Rockland neighbours brought out the signs and their vocal cords Sunday on Fort Street in front of the former Truth Centre.
Protesting a proposal for a multi-phase condominium and townhome development at 1201 Fort St. and along Pentrelew Place, the neighbours garnered honks from passing motorists for signs that read I Want Trees in my Future, and Stop Over Development, Respect Neighbourhoods.
People in the area are upset with Abstract Developments, whose proposal calls for construction of six- and four-storey condo buildings, as well as 10 townhomes. While some neighbours say the scale and style of the project is not in keeping with the neighbourhood, others worry about the precedent that removing most of the mature, protected trees on the property would set.
“Our real concern is that the proposal that they’ve come back with almost ignored council’s suggestions … about massing and height and preserving the privacy of neighbours,” said Phil Calvert, a Craigdarroch Road resident and member of the Rockland Neighbourhood Association.
He also worries that the development doesn’t address the need of housing for families in Victoria.
Abstract president Mike Miller said later in an interview that not only does the city’s official community plan call for density to be created in the area, the project as proposed is far below the floor space ratio that the site could potentially handle. Revisions to the plan have shifted more density to the Fort Street side of the property, he added.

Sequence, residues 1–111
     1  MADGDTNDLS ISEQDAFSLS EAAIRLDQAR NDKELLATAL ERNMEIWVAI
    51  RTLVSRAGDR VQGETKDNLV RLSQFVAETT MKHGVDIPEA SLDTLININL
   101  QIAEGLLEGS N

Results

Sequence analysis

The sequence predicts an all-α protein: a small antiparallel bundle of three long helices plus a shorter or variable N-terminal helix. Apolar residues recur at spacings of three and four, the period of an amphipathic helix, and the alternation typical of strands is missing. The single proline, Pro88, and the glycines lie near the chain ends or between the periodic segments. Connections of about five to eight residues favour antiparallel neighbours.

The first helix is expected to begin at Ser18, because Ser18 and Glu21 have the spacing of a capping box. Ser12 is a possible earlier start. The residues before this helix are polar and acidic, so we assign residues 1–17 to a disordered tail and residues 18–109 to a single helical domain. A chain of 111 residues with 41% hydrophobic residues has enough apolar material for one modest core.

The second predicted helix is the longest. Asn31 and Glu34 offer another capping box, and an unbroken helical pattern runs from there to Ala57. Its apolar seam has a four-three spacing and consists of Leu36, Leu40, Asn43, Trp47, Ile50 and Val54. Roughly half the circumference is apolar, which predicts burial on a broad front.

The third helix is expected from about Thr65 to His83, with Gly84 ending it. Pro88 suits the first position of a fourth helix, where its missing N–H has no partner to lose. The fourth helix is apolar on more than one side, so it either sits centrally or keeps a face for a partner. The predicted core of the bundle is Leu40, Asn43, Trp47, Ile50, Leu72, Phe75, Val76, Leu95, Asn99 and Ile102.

As for creating family housing, Miller noted his company builds one rental unit for every market housing unit it constructs in the region.
Abstract and its development team are hosting a public open house for the project on Tuesday from 6 to 8:30 p.m. at the Fairfield Hall, 1303 Fairfield Rd. Miller said the open house will be the 18th community engagement meeting held for the project since his company purchased the property.
Of 51 trees catalogued on the site, the company shows 23 as bylaw protected and 28 not protected. Nine protected trees would come down, as well as 19 non-protected, with 18 new trees replacing the nine removed, as per city bylaws. Because the project aims to save 23 existing trees, Miller said, “it’s allowed us to bring the access off of Fort Street.”
Pentrelew Place resident Don Hamilton said residents don’t feel they’ve been listened to by Abstract on issues of neighbourhood scale or design. “They’ve got an agenda that is quite different than ours,” he said.
While city council will have the final say on the project – the proposal has yet to be sent to public hearing – Calvert is not placing all his trust in the elected officials.
“We can’t just leave it to city council, we have to make sure they understand what our views are and that we’re still unsatisfied and don’t want to let this go,” he said.